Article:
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Legislative Update: Newsom Signs Bill Giving Pedestrians Priority at Signals

Bikes parked in front of the California State Capitol building in Sacramento
Note: GJEL Accident Attorneys regularly sponsors coverage on Streetsblog San Francisco and Streetsblog California. Unless noted in the story, GJEL Accident Attorneys is not consulted for the content or editorial direction of the sponsored content.

Governor Newsom has signed A.B. 2264 from Assemblymember Richard Bloom. This new law will require cities and transportation engineers to incorporate a Leading Pedestrian Interval (LPI) into "traffic-actuated" signals, which detect traffic and respond by giving waiting vehicles a green light. These signals are already required to detect bicycle and motorcycle traffic.

The new law requires them to adjust the red/green cycle to include a "walk" signal lasting three to seven seconds that begins before the signal turns green for car traffic. It applies in residential and business districts, safety corridors, school zones, and areas with a high concentration of pedestrians and cyclists. The LPI must be added when signals are newly placed or undergo maintenance.

The purpose is to give pedestrians a head star, allowing them to begin crossing the street while all vehicle approaches are stopped.

The bill's analysis says that

Caltrans contends that LPIs 1) increase pedestrian visibility; 2) reduce conflicts between pedestrians and vehicles; 3) increase the likelihood of motorists yielding to pedestrians; and 4) enhance safety for pedestrians who may be slower to start into the intersection. Additionally, costs for implementing LPIs are very low, since only minor signal timing alteration is required. This makes it an easy and inexpensive countermeasure that can be incorporated into pedestrian safety action plans or policies and can become routine agency practice. Caltrans also indicates that LPIs can reduce pedestrian-vehicle crashes by approximately forty percent.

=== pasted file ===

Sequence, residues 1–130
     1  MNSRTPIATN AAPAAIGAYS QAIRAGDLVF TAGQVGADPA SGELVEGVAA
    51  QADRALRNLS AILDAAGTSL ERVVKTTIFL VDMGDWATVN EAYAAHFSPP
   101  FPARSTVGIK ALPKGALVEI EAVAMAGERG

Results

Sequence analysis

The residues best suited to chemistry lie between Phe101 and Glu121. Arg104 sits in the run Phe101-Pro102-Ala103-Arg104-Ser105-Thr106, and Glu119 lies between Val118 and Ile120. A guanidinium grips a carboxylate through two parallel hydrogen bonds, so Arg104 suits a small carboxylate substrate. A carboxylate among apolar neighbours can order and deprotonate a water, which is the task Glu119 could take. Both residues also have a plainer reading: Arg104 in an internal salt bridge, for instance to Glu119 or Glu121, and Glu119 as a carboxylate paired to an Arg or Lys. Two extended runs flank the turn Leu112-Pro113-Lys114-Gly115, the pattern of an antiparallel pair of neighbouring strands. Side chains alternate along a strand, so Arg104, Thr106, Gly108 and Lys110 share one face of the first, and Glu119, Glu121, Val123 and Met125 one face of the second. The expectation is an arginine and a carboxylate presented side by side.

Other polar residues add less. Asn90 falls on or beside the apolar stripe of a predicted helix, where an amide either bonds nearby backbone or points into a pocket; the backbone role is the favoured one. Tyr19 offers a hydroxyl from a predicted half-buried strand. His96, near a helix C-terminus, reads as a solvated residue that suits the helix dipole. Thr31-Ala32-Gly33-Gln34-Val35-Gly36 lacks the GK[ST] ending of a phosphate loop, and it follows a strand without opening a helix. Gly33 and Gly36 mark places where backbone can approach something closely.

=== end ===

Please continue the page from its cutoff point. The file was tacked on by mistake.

LPIs are already in use in numerous places, including in California. Studies have found reductions in pedestrian-vehicle crashes of between 13 and 46 percent. Surveys have found that pedestrians feel safer crossing where an LPI has been installed.

With the signing of A.B 1909, the Bicycle Omnibus bill, the law now also clearly states that the head start given by LPIs also apply to bike riders.

Four days to go, and Governor Newsom is taking his time signing bills, releasing them in themed batches as he goes along. Streetsblog will post a final roundup early next week.

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